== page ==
It’s a wonderful dough/pastry and a massive shortcut as compared with proper laminating, but unfortunately it’s not suitable to make croissants.

Instead of layered, flaky pastry you’d get a lumpy crescent which, though perfectly edible, does not merit to be called croissant.

easy raspberry and apple danish pastry

More pastry recipes

Butter tarts with maple syrup, traditional Canadian treats. Classic butter tarts with flaky pastry, they should be filled only halfway up to stop the filling from boiling over.

Kouign amann, pronounced kween ah-mon, is Breton butter pastry, similar to croissant but with added sugar and extra butter. My recipe is a cheat’s kouign amann, easier to make and not quite as calorific as the traditional pastry from Brittany.

Hamantaschen are Jewish pastries filled with utterly delightful poppy seed mixture. 'Haman's pockets' or oznei Haman are a traditional treat for the celebration of Purim.

easy danish

Easy Danish pastries

Servings: makes 9 pastriesTime: 3 hours plus chilling pastry over 2 days


  • For the dough:
  • 200g strong white bread flour, plus more for the work surface and the rolling pin
  • 25g caster sugar
  • 3g (1 tsp) instant yeast
  • ¾ tsp fine sea salt
  • 200g cold unsalted butter, diced
  • 1 large egg
  • 60 ml whole milk, cold
  • 1 beaten egg, for brushing
  • For the raspberry filling:
  • 200g frozen raspberries
  • 100g water
  • 100g caster sugar
  • ½ tbsp lemon juice
  • 15g cornflour
  • 2 tbsp cold water
  • For the apple filling:
  • 2 small dessert apples (200g when peeled and cored)
  • 100g water
  • 70g caster sugar
  • ½ tsp ground cinnamon
  • 15g corn flour
  • 2 tbsp cold water
  • a small handful of sultanas


1. The dough is mixed ahead as it needs to sit in the fridge for at least 3 hours and up to 3 days.

2. To make the dough, mix the flour, sugar, yeast and salt in the bowl of a food processor or a standing mixer with a paddle attachment. Add the butter and briefly whiz to combine: it should not get incorporated in the flour but still be visible in the shape of small peas.

3. Whisk together the egg, milk and 2 tbsp water. Add to the flour mixture and fold it in with a spatula until absorbed. Turn the dough out onto cling film, pat into a rectangle, wrap and chill for at least 3 hours and up to 2 days.

4. When you’re ready for the folding stage, roll the dough out on a well-floured surface with a floured rolling pin to a rectangle of about 20 x 40cm.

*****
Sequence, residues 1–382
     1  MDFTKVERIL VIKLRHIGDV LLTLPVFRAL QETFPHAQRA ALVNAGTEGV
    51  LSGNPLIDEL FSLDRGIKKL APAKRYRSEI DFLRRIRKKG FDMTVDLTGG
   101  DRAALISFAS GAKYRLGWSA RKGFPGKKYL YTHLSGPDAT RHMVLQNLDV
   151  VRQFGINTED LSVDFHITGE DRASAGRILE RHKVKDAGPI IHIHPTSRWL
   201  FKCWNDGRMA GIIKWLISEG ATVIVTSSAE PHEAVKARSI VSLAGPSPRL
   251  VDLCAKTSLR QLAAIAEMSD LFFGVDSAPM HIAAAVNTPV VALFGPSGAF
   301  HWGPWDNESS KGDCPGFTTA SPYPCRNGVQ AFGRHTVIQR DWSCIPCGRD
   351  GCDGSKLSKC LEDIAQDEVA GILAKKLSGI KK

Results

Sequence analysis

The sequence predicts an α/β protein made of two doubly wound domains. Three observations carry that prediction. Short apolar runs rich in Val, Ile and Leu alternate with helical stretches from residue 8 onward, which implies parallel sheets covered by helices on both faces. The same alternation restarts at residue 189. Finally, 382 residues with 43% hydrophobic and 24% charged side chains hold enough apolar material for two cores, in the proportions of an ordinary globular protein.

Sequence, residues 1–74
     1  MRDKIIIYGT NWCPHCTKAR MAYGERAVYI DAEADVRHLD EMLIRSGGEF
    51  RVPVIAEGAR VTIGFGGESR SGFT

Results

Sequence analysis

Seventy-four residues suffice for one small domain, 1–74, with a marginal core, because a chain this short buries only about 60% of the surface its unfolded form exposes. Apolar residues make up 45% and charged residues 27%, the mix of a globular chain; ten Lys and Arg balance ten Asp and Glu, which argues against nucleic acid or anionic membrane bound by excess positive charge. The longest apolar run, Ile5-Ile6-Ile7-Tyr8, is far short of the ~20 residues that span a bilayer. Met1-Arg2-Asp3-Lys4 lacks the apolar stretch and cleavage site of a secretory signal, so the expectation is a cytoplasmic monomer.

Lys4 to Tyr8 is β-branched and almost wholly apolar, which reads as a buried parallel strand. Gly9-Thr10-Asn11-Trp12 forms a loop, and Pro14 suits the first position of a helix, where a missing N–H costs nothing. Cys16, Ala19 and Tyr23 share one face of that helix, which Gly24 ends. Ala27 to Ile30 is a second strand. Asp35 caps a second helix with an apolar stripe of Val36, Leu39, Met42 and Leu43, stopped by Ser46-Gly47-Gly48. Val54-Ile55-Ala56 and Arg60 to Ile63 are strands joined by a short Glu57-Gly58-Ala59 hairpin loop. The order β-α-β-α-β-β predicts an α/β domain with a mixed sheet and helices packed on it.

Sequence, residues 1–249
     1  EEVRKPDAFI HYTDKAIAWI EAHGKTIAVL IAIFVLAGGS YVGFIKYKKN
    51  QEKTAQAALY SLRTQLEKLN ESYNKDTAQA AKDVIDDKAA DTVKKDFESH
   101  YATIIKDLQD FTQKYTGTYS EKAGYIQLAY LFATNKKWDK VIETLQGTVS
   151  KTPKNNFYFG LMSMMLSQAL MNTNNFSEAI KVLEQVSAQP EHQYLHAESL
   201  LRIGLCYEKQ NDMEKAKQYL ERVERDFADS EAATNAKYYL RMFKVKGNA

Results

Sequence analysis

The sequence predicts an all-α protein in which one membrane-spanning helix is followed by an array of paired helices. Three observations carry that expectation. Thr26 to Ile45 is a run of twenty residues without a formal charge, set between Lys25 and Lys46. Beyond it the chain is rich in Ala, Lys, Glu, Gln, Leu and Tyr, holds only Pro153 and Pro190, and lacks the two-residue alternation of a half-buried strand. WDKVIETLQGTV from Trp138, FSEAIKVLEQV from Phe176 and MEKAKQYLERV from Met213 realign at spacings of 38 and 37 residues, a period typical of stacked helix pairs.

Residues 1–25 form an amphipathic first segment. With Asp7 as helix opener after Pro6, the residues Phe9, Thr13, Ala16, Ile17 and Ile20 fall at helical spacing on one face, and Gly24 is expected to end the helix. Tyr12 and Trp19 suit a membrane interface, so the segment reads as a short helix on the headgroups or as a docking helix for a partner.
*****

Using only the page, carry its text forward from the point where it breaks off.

5. With the short side facing you, fold the dough in thirds like a letter, bringing the top third of the dough down, then folding the bottom third up. If it sticks, dust with more flour and use a dough scraper to detach it.

6. Rotate the dough 90 degrees. Repeat the rolling out and folding process, then rotate the dough once more and roll and fold again. As you work, dust the work surface, your hands and the rolling pin with flour as necessary. Wrap the dough in cling film and refrigerate for at least 1 hour.

7. Repeat the entire three-times-rolling-and-folding process again at which point the dough should start to become smoother. If it’s still sticky, chill it for a bit longer. Wrap the dough and refrigerate for at least 3 hours, or overnight.

8. To make the raspberry filling, place the frozen raspberries, water, sugar and lemon juice in a pan and bring to the boil. Simmer for about 15 minutes until the raspberries have broken down. Stir the cornflour with the 2 tbsp water into a slurry, whisk it in and let it bubble for another 5 minutes until it thickens considerably. Transfer it to a bowl and cool completely.

9. To make the apple filling, peel, core and roughly dice the apples. Place them in a pan with the water, sugar and cinnamon and cook for 15 minutes, like the raspberry filling. When the apples start to soften, mash them roughly with a potato ricer. Make the cornflour slurry and whisk it in, add the sultanas and let it bubble for another 5 minutes until it thickens. Transfer it to a bowl and cool completely.

10. When you’re ready to make the pastries, roll the chilled dough out to a 30 x 30cm square. Trim the edges and cut into nine 10 x 10cm squares using a sharp knife or a pastry cutter.

11. Brush the corners of each square with a bit of the beaten egg, then fold each corner into the centre and press down gently. Transfer the squares to 2 parchment-lined baking sheets. Cover them loosely with cling film or place in inflated plastic bags (just blow into the bag and tie the ends!) and leave to prove and puff up for 1 – 1 ½ hour.

12. Preheat the oven to 200C/400F/gas 6. When the pastry has risen, gently spoon a portion of the filling into the middle of each one. Brush the top and sides of the dough with the beaten egg and transfer to the oven.

13. Bake for 10 minutes. Reduce the heat to 190C/375F/gas 5, rotate the baking sheets if baking two at the same time and bake for further 7-10 minutes until golden brown.

14. Cool on the trays and drizzle with simple water-icing sugar icing if you like.

Originally published: Wed, 13 April, 2016

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Hello! I'm Anna Gaze, the Cuisine Fiend. Welcome to my recipe collection.

I have lots of recipes for you to choose from: healthy or indulgent, easy or more challenging, quick or involved - but always tasty.